Rose B. (1967). Abstract illusionism. Artforum (October 1967) 3337.

Rubin W. S. (1970). Frank Stella The Museum of Modern ArtNew YorkNY, USA.

Stella F. (1986). Working Space Vol. 40. Harvard University PressCambridge, MA, USA.

Streitel S. G. (2009). Fluorescent pigments (daylight). Kirk-Othmer Encyclopedia of Chemical TechnologyJohn Wiley & SonsNew York, NY, USA.

Toledo Museum of Art (2011). Masters Series: An Evening with Frank Stella https://www.youtube.com/watch?v=W9qL6XVtPZM [accessed May 2018].

Van Gelder H. (2003). The instantaneous grace of a split-second glance: A modernist myth of timelessness revisited in: The Enduring Instant: Time and the Spectator in the Visual Arts Roesler-Friedenthal A. and Nathan J. (Eds) pp. 127133. Mann VerlagBerlin, Germany.

Van Gelder H. (2004). The fall from grace. late minimalism’s conception of the intrinsic time of the artwork-as-matterInterval(les) 18397.

Vos J. J. (2008). Depth in colour, a history of a chapter in physiologie optique amusante. Clin. Exp. Optom. 91139147.

Figures

  • View in gallery

    Original paintings and the designs based upon them. Stimulus designs based on Frank Stella (© Stefanie De Winter), Irregular Polygons series (1965–66) (Note 6). (A) Effingham I (1966), fluorescent alkyd and epoxy paints on canvas, 325.12 × 335.28 × 10.16 cm, Van Abbe museum, Eindhoven (© SABAM Belgium 2018); (B) Chocorua IV (1966), fluorescent alkyd and epoxy paints on canvas, 304.8 × 325.12 × 10.16 cm, Hood Museum of Art, Dartmouth College, Hanover, NH, USA (© SABAM Belgium 2018); (C) Union I, fluorescent alkyd and epoxy paints on canvas, 261.62 × 441.96 × 10.16 cm, Detroit Institute of Arts, MI, USA (© SABAM Belgium 2018); (D) Sanbornville III (1966), fluorescent alkyd and epoxy paints on canvas, 264.16 × 370.84 × 10.16 cm, Whitney Museum of American Art, New York, NY, USA (© SABAM Belgium 2018).

    RGB value of each conventional colour used in the designs: (A) yellow: 254 222 0, blue: 0 115 204, orange: 255 138 92; (B) yellow: 254 222 0, red: 224 35 87, grey: 179 182 189, dark green: 64 124 125; (C) pink: 255 122 186, yellow ochre: 250 213 115, pistachio: 235 255 247; (D) grey-blue: 73 193 170, green: 25 158 66, cream yellow: 237 224 142.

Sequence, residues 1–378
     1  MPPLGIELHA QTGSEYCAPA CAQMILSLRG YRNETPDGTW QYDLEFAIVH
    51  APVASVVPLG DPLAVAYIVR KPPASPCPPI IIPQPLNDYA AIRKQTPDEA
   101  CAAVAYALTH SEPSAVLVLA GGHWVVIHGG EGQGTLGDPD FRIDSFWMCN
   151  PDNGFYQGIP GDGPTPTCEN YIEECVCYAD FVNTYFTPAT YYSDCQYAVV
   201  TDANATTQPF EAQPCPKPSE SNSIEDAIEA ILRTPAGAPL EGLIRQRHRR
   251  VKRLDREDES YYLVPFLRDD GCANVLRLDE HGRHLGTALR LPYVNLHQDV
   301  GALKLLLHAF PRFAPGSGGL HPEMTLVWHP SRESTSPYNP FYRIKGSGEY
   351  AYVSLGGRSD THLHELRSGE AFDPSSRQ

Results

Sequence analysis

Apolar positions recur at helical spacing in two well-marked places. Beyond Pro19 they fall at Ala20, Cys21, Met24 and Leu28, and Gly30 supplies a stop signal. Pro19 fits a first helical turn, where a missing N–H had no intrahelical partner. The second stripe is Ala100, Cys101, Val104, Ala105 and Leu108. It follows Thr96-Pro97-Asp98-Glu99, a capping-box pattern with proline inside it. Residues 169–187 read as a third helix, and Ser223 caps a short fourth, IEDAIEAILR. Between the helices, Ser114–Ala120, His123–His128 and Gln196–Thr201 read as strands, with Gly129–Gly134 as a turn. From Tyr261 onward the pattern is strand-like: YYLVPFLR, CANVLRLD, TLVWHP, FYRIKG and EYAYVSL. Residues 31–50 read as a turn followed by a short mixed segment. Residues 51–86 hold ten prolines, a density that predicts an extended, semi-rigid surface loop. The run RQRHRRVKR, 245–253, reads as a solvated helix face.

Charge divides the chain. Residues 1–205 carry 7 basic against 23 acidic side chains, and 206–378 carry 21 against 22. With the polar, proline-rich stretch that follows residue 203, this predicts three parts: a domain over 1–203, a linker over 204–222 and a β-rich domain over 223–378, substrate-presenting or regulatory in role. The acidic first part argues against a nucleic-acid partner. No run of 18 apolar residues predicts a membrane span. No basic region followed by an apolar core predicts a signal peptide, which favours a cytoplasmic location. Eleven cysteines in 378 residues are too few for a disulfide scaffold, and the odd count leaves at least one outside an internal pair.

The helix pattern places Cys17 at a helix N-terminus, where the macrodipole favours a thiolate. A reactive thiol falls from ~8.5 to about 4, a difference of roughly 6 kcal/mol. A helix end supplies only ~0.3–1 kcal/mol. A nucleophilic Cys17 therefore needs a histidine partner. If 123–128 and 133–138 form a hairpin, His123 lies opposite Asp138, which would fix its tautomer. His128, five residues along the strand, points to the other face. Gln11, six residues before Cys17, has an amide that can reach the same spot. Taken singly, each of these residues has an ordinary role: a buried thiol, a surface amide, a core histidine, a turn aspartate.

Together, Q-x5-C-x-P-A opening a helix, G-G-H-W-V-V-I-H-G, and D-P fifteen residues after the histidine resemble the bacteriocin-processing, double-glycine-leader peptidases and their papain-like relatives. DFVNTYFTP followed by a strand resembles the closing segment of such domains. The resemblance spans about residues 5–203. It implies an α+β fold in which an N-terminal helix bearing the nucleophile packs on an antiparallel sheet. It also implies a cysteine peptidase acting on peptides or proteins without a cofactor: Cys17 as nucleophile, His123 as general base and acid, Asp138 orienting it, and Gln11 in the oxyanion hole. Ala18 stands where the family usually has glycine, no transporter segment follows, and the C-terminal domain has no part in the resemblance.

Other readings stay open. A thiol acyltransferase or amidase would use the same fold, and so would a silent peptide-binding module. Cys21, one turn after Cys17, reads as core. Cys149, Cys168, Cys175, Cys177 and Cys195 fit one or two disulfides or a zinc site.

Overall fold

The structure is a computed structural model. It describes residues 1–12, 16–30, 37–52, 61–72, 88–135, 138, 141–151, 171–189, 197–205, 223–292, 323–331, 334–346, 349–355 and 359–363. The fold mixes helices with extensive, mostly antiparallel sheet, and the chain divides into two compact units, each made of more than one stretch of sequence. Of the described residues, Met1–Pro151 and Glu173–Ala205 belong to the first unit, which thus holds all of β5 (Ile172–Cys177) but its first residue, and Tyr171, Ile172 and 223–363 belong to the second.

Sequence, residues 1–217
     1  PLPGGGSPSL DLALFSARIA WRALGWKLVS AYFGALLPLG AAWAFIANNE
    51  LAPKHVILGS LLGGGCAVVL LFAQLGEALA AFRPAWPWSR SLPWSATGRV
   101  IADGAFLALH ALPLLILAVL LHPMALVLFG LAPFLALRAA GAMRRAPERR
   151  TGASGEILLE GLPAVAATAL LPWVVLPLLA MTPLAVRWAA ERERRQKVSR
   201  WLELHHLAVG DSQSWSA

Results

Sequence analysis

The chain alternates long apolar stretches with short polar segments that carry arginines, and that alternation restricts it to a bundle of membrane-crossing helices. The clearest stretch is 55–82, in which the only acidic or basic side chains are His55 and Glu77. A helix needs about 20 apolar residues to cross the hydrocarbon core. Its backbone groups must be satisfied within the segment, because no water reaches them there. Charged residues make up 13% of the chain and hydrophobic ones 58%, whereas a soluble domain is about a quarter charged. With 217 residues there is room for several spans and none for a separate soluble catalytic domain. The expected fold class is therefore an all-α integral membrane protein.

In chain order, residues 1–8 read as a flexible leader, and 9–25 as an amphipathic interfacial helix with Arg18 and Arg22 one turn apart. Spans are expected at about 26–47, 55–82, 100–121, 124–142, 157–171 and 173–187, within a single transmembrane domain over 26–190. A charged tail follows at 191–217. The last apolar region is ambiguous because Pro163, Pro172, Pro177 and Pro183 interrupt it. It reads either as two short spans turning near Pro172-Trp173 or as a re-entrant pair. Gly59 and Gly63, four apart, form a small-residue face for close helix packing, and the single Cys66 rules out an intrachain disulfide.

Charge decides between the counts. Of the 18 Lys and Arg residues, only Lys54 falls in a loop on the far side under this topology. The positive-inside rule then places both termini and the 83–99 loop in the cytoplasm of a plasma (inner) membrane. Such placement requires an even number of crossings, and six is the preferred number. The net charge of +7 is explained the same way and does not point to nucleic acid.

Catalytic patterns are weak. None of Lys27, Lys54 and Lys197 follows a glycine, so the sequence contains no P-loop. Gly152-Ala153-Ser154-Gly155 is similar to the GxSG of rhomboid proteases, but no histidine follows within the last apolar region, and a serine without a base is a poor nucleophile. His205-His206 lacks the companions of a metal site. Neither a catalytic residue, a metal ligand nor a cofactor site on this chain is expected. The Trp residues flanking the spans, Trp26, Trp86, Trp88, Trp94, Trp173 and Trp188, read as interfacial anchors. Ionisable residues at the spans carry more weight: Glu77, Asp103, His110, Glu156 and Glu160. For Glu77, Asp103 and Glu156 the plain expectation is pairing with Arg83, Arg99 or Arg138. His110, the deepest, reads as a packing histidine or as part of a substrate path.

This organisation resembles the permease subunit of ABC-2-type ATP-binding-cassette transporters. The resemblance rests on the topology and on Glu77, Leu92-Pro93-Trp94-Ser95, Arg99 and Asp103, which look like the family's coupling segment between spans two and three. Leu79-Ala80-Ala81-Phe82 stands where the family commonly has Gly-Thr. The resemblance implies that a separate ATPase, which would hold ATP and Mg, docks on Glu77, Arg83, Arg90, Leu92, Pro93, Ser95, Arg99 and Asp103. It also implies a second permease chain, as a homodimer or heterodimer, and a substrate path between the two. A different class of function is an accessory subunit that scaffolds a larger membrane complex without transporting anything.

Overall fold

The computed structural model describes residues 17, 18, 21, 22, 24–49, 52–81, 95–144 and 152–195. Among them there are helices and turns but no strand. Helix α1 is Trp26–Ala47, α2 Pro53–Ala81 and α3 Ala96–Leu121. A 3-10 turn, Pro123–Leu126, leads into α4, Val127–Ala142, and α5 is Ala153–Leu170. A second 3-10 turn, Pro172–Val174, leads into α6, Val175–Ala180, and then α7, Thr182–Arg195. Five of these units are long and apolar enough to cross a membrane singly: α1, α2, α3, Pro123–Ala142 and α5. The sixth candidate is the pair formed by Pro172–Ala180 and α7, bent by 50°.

• View in gallery View in gallery View in gallery

    (a) Impression of the setup of the experiment in the Academy of Berchem (© Stefanie De Winter); (b) impression of a participant observing the stimulus during the experiment (© Stefanie De Winter); (c) an example of the questionnaire (see Appendix for enlarged version).

  • View in gallery

    Mean depth ratings of all fluorescent and all conventional colours, for each participant group. Error bars indicate +/− 2 SEM.

  • View in gallery

    Mean depth ratings of all fluorescent and all conventional colours, for art historians only and as a function of their knowledge of Stella’s work. Error bars indicate +/− 2 SEM.

  • View in gallery

    Mean depth ratings of all fluorescent and all conventional colours, for each colour separately. Lines indicate the fitted regression line of the model summarized in Table 4. Shaded areas depict the 95% confidence interval around the fitted regression lines.

  • View in gallery

    (a) Mean depth ratings for all conventional colours; (b) mean depth ratings for all fluorescent colours. Error bars indicate +/− 2 SEM.

  • View in gallery

    (a) The proportion signed rating for each conventional colour separately, divided in three groups (artists, art historians & laypeople); (b) the same, but of each fluorescent colour separately.

  • View in gallery

    Mean depth ratings of warm and cool floors for fluorescent and conventional colours and all participant groups. Error bars indicate +/− 2 SEM.

  • View in gallery

    Mean depth ratings for all panels in the Effingham I design group.

  • View in gallery

    Mean depth ratings for all panels in the Chocorua IV design group.

  • View in gallery

    Mean depth ratings for all panels in the Union I design group.

  • View in gallery

    Mean depth ratings for all panels in the Sanbornville III design group.

  • View in gallery

    (a) Matrix of visualized contrast effects for Effingham I; (b) matrix of visualized contrast effects for Chocorua IV; (c) matrix of visualized contrast effects for Sanbornville III.

Index Card

Content Metrics

Content Metrics

All Time Past Year Past 30 Days
Abstract Views 22 22 22
Full Text Views 6 6 6
PDF Downloads 2 2 2
EPUB Downloads 0 0 0